On a lighter note, I gave my now 80 year-old father a birthday card a few years back that read, “Studies have shown that having a birthday is preferable to not having a birthday.” Amen.

  68. liz says:

    I shave 5 years off. I think I have my son confused.

  69. Dana says:

    I just celebated my 50th last October and I still tell anyone who asks how old I am with joy in my heart. I’ve survived 4 years, 5 surgeries and 14 rounds of chemo plus almost two long years of recovery from appendix cancer. I learned the hard way what a waste of time and energy it is to even worry about how old I am or what I look like. Celebrate each day as a gift, you’re beautiful and valuable just the way you are😘

  70. kates says:

    I turned 60 in December and I don’t lie about my age. I’ve been told that I don’t look 60 and although I’m never sure if people are saying that to be polite it still makes me feel good! I have always said that I don’t mind looking my age, I just don’t want to look older than I am

  71. Cola says:

    I’m 53 and don’t lie about my age. Except for one time when I was 40. And I did it in front of my husband! We were in a French class together and working on numbers. I said I was 39 and boy, did he shoot me a look. But he kept his mouth shut. I did it because I really (still) cannot pronounce 40 in French. 39 is just so much easier to say.

  72. Jamie says:

    I absolutely proudly own my age (which is just 44), and also own and wear with pride all of these lines across my face (they tell the story of who I am—so many stories of where I’ve been, and how I got to where I am) (yes, I do love that song, so much).

    I’m much more comfortable and less self conscious than I’ve ever been, in my whole life. Life is short. Let’s all celebrate and live it well.

  73. rococo says:

    I lie shamelessly and gleefully.

    Truth is, I just don’t tell. I find “How old are you?” and “What do you do?” impossibly unimaginitive questions. I’m more than the sum of my years or my careers.

  74. pamb says:

    I can’t imagine lying; what’s the point? I’m 50, and think I look…45 😉

    Funnily enough, I spoke to a friend today who told me about a new friend she has who REFUSES to tell her age. She’s had some work done, so she’s in that hazy early 60s but still looks good stage. But is truly adamant about not telling.

  75. Michele says:

    I’m honest because lying seems sad to me. Genetics, use of sunscreen and going blonde are balanced by having a husband 16 years my senior, so that almost no one can guess my age at 50.

  76. Cindee says:

    Happy 38 year old here who tells the truth when asked.

  77. Allison says:

    I’m 24 next month, and while I don’t lie about my age, I do try to obscure it in certain social and professional situations. I’m the youngest of all my friends, and some of them are more than a decade or two my senior. I’ve always loved it this way. My friends are a bunch of bada** ladies with history and battle scars. But more importantly, I just relate better to them than I do people my age. I feel as if we have more in common even if our lives may be in different places. 95% of the time I fit right in like a peer, but 5% of the time they remember that I’m basically a kid and not quite on their life-level yet. Those times are why I try not to emphasize my youth. Nothing feels worse than the people I consider my closest friends distancing and somewhat discounting me because I’m so young.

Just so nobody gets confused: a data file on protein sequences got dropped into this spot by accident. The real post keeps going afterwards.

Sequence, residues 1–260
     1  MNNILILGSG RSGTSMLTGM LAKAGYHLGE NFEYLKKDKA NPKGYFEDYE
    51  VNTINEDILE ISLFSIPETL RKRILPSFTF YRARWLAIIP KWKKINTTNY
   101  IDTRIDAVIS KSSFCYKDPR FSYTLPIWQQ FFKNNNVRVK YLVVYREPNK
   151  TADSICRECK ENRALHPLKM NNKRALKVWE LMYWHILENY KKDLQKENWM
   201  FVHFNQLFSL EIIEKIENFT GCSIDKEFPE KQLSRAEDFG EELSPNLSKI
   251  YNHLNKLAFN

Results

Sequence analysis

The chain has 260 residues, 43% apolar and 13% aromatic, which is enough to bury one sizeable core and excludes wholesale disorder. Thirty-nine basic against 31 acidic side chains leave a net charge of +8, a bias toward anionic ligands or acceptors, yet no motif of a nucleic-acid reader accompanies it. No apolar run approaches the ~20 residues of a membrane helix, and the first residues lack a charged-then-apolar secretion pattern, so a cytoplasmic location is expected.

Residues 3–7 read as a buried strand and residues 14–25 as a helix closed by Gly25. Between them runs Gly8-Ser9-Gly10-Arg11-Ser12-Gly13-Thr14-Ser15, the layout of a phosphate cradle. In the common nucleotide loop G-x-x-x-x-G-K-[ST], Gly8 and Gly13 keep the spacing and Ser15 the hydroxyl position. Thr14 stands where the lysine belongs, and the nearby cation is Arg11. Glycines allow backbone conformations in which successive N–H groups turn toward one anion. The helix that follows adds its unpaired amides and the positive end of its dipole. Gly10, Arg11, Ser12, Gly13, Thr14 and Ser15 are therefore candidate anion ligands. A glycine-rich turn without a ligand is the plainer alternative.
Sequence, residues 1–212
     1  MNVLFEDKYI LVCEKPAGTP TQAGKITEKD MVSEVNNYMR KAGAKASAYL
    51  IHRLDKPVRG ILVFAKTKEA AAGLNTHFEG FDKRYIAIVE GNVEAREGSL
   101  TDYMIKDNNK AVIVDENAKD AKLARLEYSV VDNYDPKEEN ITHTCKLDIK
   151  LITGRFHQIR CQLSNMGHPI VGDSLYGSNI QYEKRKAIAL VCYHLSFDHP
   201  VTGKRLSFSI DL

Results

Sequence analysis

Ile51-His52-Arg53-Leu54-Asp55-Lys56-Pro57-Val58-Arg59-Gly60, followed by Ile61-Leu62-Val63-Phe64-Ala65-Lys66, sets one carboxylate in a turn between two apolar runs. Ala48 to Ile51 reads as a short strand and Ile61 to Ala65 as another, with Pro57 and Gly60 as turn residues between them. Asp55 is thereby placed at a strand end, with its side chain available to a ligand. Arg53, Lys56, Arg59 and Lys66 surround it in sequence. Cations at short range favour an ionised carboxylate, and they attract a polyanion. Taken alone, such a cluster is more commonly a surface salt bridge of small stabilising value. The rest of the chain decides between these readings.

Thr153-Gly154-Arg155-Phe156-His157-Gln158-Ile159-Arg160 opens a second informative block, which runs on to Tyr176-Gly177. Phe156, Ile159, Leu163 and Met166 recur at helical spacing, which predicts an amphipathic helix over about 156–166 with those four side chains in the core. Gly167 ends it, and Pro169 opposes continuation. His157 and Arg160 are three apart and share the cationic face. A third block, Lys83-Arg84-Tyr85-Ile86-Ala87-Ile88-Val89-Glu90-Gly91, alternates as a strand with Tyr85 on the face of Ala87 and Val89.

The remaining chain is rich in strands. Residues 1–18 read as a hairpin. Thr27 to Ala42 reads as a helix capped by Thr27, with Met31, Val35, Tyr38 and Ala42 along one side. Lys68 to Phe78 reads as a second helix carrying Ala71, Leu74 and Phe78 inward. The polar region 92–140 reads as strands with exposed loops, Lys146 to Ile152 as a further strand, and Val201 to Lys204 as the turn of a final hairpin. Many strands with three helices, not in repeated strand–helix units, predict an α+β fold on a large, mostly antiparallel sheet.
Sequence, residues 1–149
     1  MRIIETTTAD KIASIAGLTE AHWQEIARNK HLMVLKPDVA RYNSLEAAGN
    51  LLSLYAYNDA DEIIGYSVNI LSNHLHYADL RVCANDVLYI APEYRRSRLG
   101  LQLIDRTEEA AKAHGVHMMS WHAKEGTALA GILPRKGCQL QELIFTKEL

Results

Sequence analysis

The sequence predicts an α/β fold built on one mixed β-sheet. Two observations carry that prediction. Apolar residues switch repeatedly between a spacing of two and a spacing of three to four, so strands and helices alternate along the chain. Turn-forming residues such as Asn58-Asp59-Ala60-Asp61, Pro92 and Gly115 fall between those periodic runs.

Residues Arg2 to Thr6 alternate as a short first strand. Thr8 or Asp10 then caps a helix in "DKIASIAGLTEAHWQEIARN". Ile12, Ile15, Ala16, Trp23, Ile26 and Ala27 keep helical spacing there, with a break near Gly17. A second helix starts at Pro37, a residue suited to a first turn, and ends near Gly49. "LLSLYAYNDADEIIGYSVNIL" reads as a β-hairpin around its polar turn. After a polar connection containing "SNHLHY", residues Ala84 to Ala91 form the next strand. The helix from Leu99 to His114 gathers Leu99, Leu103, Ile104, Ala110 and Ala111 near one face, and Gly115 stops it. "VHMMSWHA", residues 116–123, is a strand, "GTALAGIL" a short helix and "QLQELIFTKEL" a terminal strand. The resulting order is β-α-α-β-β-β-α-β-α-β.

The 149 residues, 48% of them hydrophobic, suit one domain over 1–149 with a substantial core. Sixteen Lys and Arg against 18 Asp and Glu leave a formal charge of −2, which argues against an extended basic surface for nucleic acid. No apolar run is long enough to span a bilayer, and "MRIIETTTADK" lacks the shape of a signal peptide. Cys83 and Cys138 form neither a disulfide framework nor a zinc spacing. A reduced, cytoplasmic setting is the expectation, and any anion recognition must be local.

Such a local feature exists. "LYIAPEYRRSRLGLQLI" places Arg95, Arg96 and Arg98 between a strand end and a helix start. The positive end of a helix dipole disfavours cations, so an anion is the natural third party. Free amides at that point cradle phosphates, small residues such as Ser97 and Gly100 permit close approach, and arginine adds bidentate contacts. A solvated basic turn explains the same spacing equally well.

78. Mamavalveeta03 says:

    At 55, I’m technically middle-age according to my family genetics. Longevity is a trait amongst us Norwegians, apparently. Hardy stock. I’ve never fudged because it just isn’t me. I can never tell if people really mean it when they say, “OMG! You can’t possibly be a grandmother!” I always want to see the look of shock on their faces and say, “Well, I’m 72, so what about it?”

  79. Meg says:

    Awesome thread. I’m 48 and totally addicted to this blog. Happy birthday!

  80. Mockingbird says:

    I’m 43 in a couple weeks (hello fellow Pisces!) and very not thrilled about it. I’m not even close to where I thought I’d be at this age, and am back in school to get a masters in hopes of maybe doing slightly better at a career in that field. I don’t look anywhere near my age, good genes on both sides and a few more extra pounds than I’d like but you always choose your face over your ass. Always. I don’t think people are being polite when they find out my age, they are truly shocked and most say they’d thought I was a decade younger. I don’t lie but I have started evading if possible because people do treat you differently. Plus a decade working in Hollywood drove home how important youth is. It also made me stay up to date on pop culture and tech, so I’m the one pulling up Spotify to prove to the 22 year olds in my class that Justin Bieber has three songs in the top ten, but then get confused that they’ve never even heard of Heathers. That’s the main reason I don’t lie, like someone else said I’m not great at math and I’d out myself by talking about some band I saw in college when by my fake age I’d have been 12.

    And Kim, thanks for this site. It’s super specific, but if you have any advice on how to dress for women our age up against 25 year olds for the same job, and on a budget, I’d be forever grateful. I’ll be back out there in a year and while I’m sure I’ll be older than many of the people I’m interviewing with I don’t want to look it or look like mutton dressed as lamb.

  81. I do not lie and to those asking if men get asked my husband does at work all the time. It is because he is a nurse and it is such a female dominated field, he is the only male worker at his current job of any rank, that people often assume he is younger and working towards being a doctor.